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The National Book Award was established in 1950 by the National Book Foundation, which was a collection of publishers, editors, writers, and critics, with a mission to, "celebrate the best of American literature, to expand its audience, and to enhance the cultural value of good writing in America" (National Book Foundation).
The National Book Award is awarded to books in four categories each year, including fiction, nonfiction, poetry, and young people's literature. In addition, two Life Time Achievement awards are also given out annually. Over the last sixty years, the National Book Award has become one of the most influential and coveted awards in America.
After its inception in 1950, "The National Book Awards (NBA) quickly established a reputation for recognizing literary excellence" (National Book Foundation). Over the years, it has honored authors such as "William Faulkner, Saul Bellow, Wallace Stevens, Rachel Carson, Ralph Ellison, W.H. Auden, Marianne Moore, and Bernard Malamud – authors who have helped shape the foundation of American literature" (National Book Foundation). The National Book Awards' reputation for recognizing literary excellence has allowed them to become one of the most influential literary awards in America.
In the nineteen seventies and eighties the book awards began to expand from the original four categories to include, "Science, Philosophy and Religion, History and Biography, Arts and Letters, Translation, Contemporary Thought, Autobiography, First Novel, Original Paperback, and Children’s Book" (National Book Foundation).
This expansion led to the creation of the American Book Award, which gave out 28 prizes in 16 different categories (National Book Foundation). By the mid-eighties, "it soon became obvious that so many categories diffused the Awards’ impact" (National Book Foundation).
In 1987, the National Book Awards were reestablished and the expanded categories were subsumed into the original categories by 1996, with the addition of the award for young people's literature (National Book Foundation). Fewer categories allowed the award continue to have a focused impact on American literature and American writers.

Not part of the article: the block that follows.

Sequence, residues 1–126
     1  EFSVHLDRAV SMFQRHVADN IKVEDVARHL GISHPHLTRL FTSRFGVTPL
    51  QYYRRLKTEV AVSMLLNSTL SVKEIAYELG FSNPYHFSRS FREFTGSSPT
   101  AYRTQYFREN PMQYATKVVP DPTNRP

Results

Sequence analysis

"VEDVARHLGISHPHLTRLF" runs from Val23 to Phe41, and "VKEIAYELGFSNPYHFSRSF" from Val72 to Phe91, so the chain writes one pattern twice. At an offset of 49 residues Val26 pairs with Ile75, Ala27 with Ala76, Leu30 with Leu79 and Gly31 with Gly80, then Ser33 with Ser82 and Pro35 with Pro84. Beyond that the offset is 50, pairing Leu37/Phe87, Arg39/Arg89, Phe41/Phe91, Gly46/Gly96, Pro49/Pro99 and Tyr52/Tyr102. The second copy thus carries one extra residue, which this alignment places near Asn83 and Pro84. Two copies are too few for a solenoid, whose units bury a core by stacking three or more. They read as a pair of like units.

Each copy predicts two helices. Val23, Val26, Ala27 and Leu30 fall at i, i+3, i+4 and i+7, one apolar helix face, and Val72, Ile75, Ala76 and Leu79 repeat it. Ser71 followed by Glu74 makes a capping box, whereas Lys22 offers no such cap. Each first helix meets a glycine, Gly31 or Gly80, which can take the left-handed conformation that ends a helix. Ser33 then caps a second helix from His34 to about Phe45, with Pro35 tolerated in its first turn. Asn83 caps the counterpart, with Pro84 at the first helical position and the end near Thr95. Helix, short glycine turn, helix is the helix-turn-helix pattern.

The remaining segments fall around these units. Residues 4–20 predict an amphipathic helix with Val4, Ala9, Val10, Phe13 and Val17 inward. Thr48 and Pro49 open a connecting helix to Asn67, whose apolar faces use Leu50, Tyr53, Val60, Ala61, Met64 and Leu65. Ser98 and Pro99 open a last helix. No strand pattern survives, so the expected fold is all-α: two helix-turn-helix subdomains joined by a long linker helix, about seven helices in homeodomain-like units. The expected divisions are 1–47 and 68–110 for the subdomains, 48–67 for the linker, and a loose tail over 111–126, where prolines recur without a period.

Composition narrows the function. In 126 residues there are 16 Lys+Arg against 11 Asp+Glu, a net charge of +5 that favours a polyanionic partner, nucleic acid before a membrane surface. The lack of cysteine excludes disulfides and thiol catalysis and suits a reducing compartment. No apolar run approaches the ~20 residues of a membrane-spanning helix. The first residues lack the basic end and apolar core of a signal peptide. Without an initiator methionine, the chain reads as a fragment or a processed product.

The National Book Award has a reputation for being an award "given to writers by writers" and is chosen by a panel of five judges in each category, the judges, "have written and published works in that category" (National Book Foundation).
Only books by American citizens published in the United States between December 1 and November 30 of the current year can be submitted for consideration (National Book Foundation). Authors cannot submit their own work, only publishers can nominate a book to be considered, although panel chairs can also nominate a book not nominated by publishers (National Book Foundation).
Five finalists in each category are announced in mid-October and they each receive, "prize of $1,000, a medal, and a citation from the panel jury" (National book Foundation). Jurists meet on the day of the National Book Awards Ceremony in November to choose the winners who are then announced at the Ceremony that night. The winners receive, "$10,000 and a bronze sculpture" (National Book Foundation). Finalist and winners also receive the public recognition for having written an excellent piece of literature.
Although the National Book Award jurists create "their own criteria for awarding the National Book Award and discussions are held independent of the Foundation," recently the wisdom of the jury process has been widely questioned (National Book Foundation). The critically acclaimed best-seller Freedom, by Jonathan Franzen, who won the 2001 National Book Award for Fiction, was conspicuously absent from the finalist list.
This sparked a veritable war on Twitter no less polarized than the Oprah fiasco of 2001 (Fenske). National Book Foundation executive director Harold Augenbraum is noted as stating, "Obviously, Freedom is the big book of the year, but the question is what the National Book Awards are supposed to honor. We tell the judges just to look at the books, and that outside chatter is not important. We go with that every year" (Italie). Only time will tell if the jurists made the right decision.
Like all honors that are subjective, there will always be a question as to the validity of the awardees. More importantly, the current debate about this coveted and important literary award shows The National Book Award is still influential enough to stir the emotions of a media driven nation.
After sixty years, the award "given to writers by writers" still garners the respect and attention of the American public (National Book Foundation). Even if one does not agree with the juries' choices, the nation is still in agreement that the National Book Award should be a significant meter for excellence American literature.
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